Last edited by Ectophile; 06-12-2017 at 9:12 PM. Reason: Added last bit
    If it sticks, force it.
    If it breaks, well it wasn't working right anyway.
    • richdeniro
    • By richdeniro 6th Dec 17, 9:32 PM
    • 274 Posts
    • 166 Thanks
    richdeniro
    • #6
    • 6th Dec 17, 9:32 PM
    • #6
    • 6th Dec 17, 9:32 PM
    There only seems to be one valve at the bottom, if I turn it clockwise the pressure guage increases. Also the pipe that it feeds into on the bottom right (labelled as 'CH return') has hot water flowing through (whilst the heating is on) it now when this is where the cold water was coming from when the leak happened and it stopped when I turned the water off at the mains.

    Last edited by richdeniro; 06-12-2017 at 9:50 PM.
    • Le_Kirk
    • By Le_Kirk 7th Dec 17, 10:34 AM
    • 2,226 Posts
    • 1,133 Thanks
    Le_Kirk
    • #7
    • 7th Dec 17, 10:34 AM
    • #7
    • 7th Dec 17, 10:34 AM
    The bottom tap is in the off position, if you turn it, it will try to put more water in the boiler and so the pressure will increase as witnessed by the pressure gauge increasing. You don't appear to have a valve/tap at the top of the filling loop, nor do you seem to have a non-return valve, which would have prevented water coming out of the boiler.
    • barnaclebill
    • By barnaclebill 7th Dec 17, 12:14 PM
    • 245 Posts
    • 128 Thanks
    barnaclebill
    • #8
    • 7th Dec 17, 12:14 PM
    • #8
    • 7th Dec 17, 12:14 PM
    Looking at the photo it looks to me that there is something on the top connection with a hex cap, could be a non return valve inside that has stuck open.
    • richdeniro
    • By richdeniro 7th Dec 17, 2:02 PM
    • 274 Posts
    • 166 Thanks
    richdeniro
    • #9
    • 7th Dec 17, 2:02 PM
    • #9
    • 7th Dec 17, 2:02 PM
    I've got a plumber coming round in a couple of hours. Better safe than sorry.
    • Norman Castle
    • By Norman Castle 7th Dec 17, 2:21 PM
    • 6,409 Posts
    • 5,185 Thanks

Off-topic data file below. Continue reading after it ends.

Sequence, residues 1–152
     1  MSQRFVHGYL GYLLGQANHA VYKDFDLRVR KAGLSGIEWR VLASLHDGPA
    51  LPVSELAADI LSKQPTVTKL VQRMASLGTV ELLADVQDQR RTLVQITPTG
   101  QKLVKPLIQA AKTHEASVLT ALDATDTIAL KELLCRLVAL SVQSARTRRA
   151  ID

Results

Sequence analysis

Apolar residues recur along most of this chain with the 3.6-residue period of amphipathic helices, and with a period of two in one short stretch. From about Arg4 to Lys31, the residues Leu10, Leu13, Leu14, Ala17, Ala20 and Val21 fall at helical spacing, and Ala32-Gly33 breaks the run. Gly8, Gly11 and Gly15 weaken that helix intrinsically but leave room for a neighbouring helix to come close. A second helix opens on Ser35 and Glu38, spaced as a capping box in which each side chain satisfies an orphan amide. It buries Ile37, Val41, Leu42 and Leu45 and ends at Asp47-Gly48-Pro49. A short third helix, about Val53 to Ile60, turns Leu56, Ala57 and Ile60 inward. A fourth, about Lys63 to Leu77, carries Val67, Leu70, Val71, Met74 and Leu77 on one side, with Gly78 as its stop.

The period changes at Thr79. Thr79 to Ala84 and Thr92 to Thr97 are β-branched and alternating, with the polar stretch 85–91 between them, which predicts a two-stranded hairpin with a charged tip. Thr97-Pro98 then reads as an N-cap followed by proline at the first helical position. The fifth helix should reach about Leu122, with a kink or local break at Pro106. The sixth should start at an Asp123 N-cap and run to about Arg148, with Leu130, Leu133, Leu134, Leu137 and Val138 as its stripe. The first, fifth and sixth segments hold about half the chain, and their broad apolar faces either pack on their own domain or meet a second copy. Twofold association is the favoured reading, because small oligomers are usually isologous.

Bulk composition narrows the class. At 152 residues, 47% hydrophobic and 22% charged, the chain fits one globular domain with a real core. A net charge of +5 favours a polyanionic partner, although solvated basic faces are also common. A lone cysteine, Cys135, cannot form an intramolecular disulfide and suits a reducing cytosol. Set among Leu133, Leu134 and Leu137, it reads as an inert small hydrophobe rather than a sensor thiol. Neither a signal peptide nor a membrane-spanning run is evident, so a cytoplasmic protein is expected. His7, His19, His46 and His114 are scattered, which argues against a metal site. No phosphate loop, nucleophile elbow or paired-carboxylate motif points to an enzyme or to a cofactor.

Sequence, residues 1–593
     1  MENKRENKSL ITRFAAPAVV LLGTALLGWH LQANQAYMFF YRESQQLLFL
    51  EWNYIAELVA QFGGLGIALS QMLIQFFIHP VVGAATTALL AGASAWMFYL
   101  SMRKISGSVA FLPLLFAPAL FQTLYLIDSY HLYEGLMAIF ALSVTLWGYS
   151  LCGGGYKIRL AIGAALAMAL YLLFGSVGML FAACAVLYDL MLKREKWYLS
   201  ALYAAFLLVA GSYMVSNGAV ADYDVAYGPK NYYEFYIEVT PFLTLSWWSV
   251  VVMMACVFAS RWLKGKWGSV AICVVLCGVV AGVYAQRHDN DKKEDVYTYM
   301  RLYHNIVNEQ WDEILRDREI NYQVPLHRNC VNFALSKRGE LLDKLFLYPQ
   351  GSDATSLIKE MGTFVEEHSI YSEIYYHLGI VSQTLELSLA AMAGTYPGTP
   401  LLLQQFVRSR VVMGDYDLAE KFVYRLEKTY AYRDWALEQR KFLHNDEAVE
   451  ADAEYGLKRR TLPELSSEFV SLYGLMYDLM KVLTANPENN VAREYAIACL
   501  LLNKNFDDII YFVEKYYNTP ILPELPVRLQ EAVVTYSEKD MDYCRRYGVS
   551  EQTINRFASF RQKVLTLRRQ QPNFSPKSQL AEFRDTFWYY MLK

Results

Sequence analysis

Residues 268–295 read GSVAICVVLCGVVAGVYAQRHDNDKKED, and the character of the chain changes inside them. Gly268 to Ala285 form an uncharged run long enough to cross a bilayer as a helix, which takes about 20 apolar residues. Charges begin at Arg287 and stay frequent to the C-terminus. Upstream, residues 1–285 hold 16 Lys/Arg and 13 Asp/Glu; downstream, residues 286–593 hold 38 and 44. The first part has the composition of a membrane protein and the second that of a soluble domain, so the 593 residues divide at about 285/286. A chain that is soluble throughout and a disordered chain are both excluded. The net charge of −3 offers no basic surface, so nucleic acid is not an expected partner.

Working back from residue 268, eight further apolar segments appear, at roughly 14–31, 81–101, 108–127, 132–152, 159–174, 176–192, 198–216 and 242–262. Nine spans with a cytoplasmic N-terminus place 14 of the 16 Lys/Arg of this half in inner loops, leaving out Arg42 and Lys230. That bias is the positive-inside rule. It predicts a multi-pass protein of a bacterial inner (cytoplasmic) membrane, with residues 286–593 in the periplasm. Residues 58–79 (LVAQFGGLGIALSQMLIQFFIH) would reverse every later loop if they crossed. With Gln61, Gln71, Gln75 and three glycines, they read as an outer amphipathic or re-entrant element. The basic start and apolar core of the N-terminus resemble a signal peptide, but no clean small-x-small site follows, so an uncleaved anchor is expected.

Norman Castle
    I now have two stopcocks, one above the meter and one below (should they have installed it this way?)
    Yes. No reason not to and it makes meter replacement easy (assuming a !!!!!!!! plumber doesn't cut the handle off the first stop tap for the kitchen fitters!).
    Last edited by Norman Castle; 07-12-2017 at 2:24 PM.
    Don't harass a hippie. You'll get bad karma.
    • Head The Ball
    • By Head The Ball 7th Dec 17, 2:26 PM
    • 2,980 Posts
    • 6,860 Thanks
    Head The Ball
    ...I'm wondering if that might have been because when Thames water fitted the water meters they left the pressure on the stopcock on full? I've only turned it on slightly now from the mains so perhaps that would work.
    Originally posted by richdeniro
    The stopcock does not affect the water pressure, it only affects the flow rate, from zero when fully closed to full flow when fully open. The pressure will be the same no matter the flow rate.

    Pressure is determined by the pressure of the water in the mains feed into your house.

    The stopcock should normally be turned fully on, otherwise you may have restricted flow at your taps. (It is a good idea to open it fully and then close it fractionally by a tiny amount as that reduces the chances of it sticking or seizing open. Open and close it occasionally, twice a year maybe, to reduce this risk.

    If your mains is at too high a pressure, (that might have caused the burst in the hose) you can fit a pressure limiting valve like these.

    Speak to your plumber about this.
    Last edited by Head The Ball; 07-12-2017 at 2:43 PM.
    Who'll remember the ones
    who only rode in them to die
    All their lives are just a smudge
    of smoke against the sky
Welcome to our new Forum!

Our aim is to save you money quickly and easily. We hope you like it!

Forum Team Contact us

Live Stats

1,677Posts Today

7,134Users online

Martin's Twitter